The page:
HEALTH&FITNESS: App fits right in to life

HEALTHY OPTION: The summer parkrun season is coming, so it’s time to start getting serious about training.WHEN I caught up with a friend last week, she was spruiking the benefits of a Fitbit she was given as a gift.

I had not heard of the wireless wristband she was wearing that tracked her daily activities and monitored her sleep patterns.

According to fitbit杭州龙凤论坛m, there are several wireless devices you can wear to help track different daily functions, such as how many calories you have burnt, how many steps you have taken or how many stairs you have climbed.

It also syncs to other devices, such as smartphones and computers, and there is an app which you can use to log your food and calorie intake.

The sleep tracker has been a real eye-opener for my friend, who says she is sleeping better since using the Fitbit and has found herself being more accountable about what she eats and how much she exercises each day.

I am pretty old-school and still prefer to write down daily activities in a log book, but I can definitely see the attraction of the Fitbit, and with Christmas not too far off it might be a gift idea for a friend or family member or even yourself.

And what a great time to be thinking about improving your health – during the last month of spring.

If you have used the first two months of spring to start getting yourself in better health for summer, then hopefully you are seeing some positive results by now.

If you set yourself the goal of participating in Run Newcastle at the end of this month, hopefully you are edging ever closer to your personal goal.

And just a few days ago I heard a rumour there was a new parkrun for our region – we already have parkruns at Carrington (Newy parkrun), Blackbutt, Speers Point (Lake Mac parkrun), Singleton, Fingal Bay, Maitland and Belmont – and now apparently there will be a Beaches parkrun. It looks as though it will run from Bar Beach on Saturdays at 8am and will be a 5-kilometre timed event on the sand. It is expected to be launched on November 29 – two days out from summer.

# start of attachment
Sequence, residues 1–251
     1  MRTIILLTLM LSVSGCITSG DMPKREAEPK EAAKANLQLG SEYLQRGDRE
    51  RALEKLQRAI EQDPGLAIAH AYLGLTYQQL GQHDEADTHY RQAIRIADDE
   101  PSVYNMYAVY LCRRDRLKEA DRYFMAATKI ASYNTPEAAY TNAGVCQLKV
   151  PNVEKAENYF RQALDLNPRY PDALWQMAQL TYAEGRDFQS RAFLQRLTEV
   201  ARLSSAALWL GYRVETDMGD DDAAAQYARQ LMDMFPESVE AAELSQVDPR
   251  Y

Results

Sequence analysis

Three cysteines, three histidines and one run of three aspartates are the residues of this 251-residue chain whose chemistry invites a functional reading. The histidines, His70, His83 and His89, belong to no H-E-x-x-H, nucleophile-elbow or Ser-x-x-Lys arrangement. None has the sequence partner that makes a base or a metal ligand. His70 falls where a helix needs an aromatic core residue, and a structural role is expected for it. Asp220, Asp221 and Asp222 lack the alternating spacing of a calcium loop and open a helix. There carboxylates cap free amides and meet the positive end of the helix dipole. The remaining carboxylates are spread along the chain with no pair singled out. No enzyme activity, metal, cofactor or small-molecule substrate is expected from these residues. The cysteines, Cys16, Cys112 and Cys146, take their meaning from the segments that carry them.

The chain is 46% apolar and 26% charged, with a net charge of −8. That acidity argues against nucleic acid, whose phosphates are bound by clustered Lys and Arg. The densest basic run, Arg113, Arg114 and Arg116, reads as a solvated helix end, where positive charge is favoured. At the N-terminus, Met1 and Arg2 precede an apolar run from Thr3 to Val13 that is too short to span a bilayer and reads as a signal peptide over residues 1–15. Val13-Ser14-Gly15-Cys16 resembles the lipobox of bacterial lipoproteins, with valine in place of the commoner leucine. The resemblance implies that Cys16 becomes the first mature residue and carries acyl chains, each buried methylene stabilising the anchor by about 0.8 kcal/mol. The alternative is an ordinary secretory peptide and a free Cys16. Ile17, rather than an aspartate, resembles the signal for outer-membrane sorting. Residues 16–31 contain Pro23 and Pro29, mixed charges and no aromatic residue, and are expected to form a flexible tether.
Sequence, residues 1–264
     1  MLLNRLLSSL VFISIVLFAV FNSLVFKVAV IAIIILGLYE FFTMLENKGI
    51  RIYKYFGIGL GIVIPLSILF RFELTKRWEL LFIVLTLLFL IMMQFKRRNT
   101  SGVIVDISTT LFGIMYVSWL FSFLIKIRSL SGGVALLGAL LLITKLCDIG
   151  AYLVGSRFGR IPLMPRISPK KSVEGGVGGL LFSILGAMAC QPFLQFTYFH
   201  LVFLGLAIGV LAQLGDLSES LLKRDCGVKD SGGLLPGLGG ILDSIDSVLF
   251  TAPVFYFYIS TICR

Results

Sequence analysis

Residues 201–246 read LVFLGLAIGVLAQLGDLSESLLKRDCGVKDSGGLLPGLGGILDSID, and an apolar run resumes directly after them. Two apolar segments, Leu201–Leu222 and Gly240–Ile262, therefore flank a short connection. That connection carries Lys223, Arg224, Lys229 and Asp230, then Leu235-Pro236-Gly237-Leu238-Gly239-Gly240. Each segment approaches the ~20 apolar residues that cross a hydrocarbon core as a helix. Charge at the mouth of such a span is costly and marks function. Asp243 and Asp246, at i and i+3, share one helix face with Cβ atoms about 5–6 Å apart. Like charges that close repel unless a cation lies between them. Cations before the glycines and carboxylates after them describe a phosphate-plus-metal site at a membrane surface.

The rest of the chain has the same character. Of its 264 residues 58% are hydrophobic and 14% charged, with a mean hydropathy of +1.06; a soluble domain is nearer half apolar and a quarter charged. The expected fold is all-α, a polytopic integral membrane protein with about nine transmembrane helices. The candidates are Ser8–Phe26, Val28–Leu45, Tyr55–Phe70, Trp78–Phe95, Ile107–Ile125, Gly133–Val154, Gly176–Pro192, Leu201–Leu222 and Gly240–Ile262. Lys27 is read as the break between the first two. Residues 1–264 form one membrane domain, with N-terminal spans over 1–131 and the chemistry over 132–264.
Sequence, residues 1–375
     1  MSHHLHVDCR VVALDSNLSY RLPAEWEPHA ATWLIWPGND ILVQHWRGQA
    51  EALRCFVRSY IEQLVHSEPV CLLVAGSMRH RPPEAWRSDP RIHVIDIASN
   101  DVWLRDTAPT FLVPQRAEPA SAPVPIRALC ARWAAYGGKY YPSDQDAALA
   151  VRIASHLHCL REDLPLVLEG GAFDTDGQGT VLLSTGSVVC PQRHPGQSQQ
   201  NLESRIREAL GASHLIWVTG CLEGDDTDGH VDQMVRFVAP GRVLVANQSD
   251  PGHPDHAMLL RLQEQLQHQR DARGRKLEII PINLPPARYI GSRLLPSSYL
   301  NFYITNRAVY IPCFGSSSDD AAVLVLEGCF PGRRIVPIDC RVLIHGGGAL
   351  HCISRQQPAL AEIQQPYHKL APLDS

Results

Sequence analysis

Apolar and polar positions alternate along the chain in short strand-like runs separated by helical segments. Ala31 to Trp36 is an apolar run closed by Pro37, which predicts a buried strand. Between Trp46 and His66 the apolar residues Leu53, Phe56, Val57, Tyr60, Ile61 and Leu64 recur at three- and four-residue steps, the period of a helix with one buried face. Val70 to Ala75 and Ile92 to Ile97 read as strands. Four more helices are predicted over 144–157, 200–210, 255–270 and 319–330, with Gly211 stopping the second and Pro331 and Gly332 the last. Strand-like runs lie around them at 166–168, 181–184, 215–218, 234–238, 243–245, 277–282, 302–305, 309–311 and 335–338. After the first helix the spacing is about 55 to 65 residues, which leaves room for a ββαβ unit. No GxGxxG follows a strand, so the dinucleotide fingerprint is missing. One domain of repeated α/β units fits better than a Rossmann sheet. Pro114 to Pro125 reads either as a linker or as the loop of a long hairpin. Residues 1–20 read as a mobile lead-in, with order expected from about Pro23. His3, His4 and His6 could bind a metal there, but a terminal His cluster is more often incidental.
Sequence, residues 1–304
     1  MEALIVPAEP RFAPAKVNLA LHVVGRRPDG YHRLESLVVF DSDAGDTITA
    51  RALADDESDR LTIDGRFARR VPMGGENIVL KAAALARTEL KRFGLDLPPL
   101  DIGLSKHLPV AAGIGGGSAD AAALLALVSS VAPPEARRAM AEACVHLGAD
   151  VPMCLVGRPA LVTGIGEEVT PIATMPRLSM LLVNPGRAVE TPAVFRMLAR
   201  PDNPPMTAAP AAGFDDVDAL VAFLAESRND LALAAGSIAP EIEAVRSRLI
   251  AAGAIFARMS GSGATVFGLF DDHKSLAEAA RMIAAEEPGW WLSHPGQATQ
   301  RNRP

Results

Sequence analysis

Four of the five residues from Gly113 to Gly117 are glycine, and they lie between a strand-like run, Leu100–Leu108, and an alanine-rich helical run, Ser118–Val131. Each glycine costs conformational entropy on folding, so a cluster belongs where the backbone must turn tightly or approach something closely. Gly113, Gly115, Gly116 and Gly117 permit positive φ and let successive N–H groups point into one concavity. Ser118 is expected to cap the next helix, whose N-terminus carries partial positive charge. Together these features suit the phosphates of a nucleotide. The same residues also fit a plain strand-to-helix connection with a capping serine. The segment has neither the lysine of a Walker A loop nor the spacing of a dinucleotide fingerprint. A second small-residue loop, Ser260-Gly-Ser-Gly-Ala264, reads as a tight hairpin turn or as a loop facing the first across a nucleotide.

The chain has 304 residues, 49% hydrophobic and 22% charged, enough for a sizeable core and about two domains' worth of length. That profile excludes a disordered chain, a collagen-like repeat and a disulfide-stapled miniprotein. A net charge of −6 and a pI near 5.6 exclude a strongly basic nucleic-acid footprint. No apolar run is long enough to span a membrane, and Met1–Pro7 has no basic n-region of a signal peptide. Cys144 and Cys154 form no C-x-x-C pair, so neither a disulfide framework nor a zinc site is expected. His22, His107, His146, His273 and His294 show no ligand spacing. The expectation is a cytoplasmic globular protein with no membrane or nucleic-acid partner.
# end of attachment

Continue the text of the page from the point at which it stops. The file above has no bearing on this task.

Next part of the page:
Sounds pretty good to me – soft sand run on Saturday mornings followed by a dip in the ocean. You can’t start your weekends any better than that!

Here are a couple of sessions if you want to get started on some summer fitness:

On the sand (or at the oval):

Session 1

10 squats, 10 push-ups, 1-2 minutes of sand running/walking, repeat 1-3 times; 10 lunges, 10 rows/pull-ups with dumbbells, 1-2 minutes of sand running/walking, repeat 1-3 times;

20 mountain climbers/burpees/shuffles, 10-20 ab curls/ab rotation with dumbbell, 1-2 minutes of sand running/walking, repeat 1-3 times.

Session 2

20 minutes continuous (adjust time depending on your level of fitness) x 20 seconds walking, 20 seconds easy jogging, 20 seconds hard running.

Renee Valentine is a qualifiedpersonal trainer and mother of two

[email protected]杭州龙凤论坛m

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Nasser Al-Shamrani spits at Western Sydney Wanderers’ Matthew Spiranovic

It is a shame that on the greatest night in Australian club football history, a pathetic serving of sour grapes will distort many of the headlines. The sight of Al-Hilal’s Nasser Al-Shamrani head-butting Western Sydney Wanderers’ defender Matthew Spiranovic as the match wound to a close was already bad enough. Little did we know worse was to come.

Spiranovic, a substitute, held his peace until the final whistle, only wanting to get the job done for his side.

When the match did eventually finish, drawn out for what felt like a small eternity, the Wanderers burst into celebration at the miracle duck-egg scoreboard. As is their right, as you would expect. As Al-Hilal would have done if the situation was reversed.

Still, Spiranovic wanted Al-Shamrani – nicknamed “The Earthquake” for his ability to shock the opposition – to know what he’d done was wrong; that he’d broken the unspoken rules of conduct that exist between fellow professionals.

The timing, perhaps, wasn’t ideal, but the striker’s response was beyond disgusting.

Not bothering to reply to Spiranovic with words, Al-Shamrani spat straight at the defender. Truly, an abominable act of sportsmanship. Unacceptable on every level, and no wonder a brawl nearly ensued.

The Asian Football Confederation should be moved to act against Al-Shamrani but in their swirling political waters it is hard – perhaps impossible – to predict what sanction he may receive.

In short, the Gulf giants are a big wheel, politically. It was the head of their football association, Hafez Al Medlej, who backed away from the AFC presidential election in 2013 to give Bahrain’s Sheikh Salman a smooth ride to the top. These things get remembered

As much as Al-Shamrani deserves a ban or a fine from Kuala Lumpur, it’s just as likely he’ll be on the receiving end of a keenly-worded press release. Asian football tends to be like that.

In some ways, the Saudi Arabian subterfuge only added to the greatness of the aggregate victory.

Aside from Al-Shamrani’s spittle, the repeated use of laser-pointers, designed to blaze the pupils of Ante Covic, was appalling. Guangzhou Evergrande fans did it to Covic a few months back, so at least he had experience of knowing what being blinded is like. Referees must surely halt play – perhaps even more – when this happens.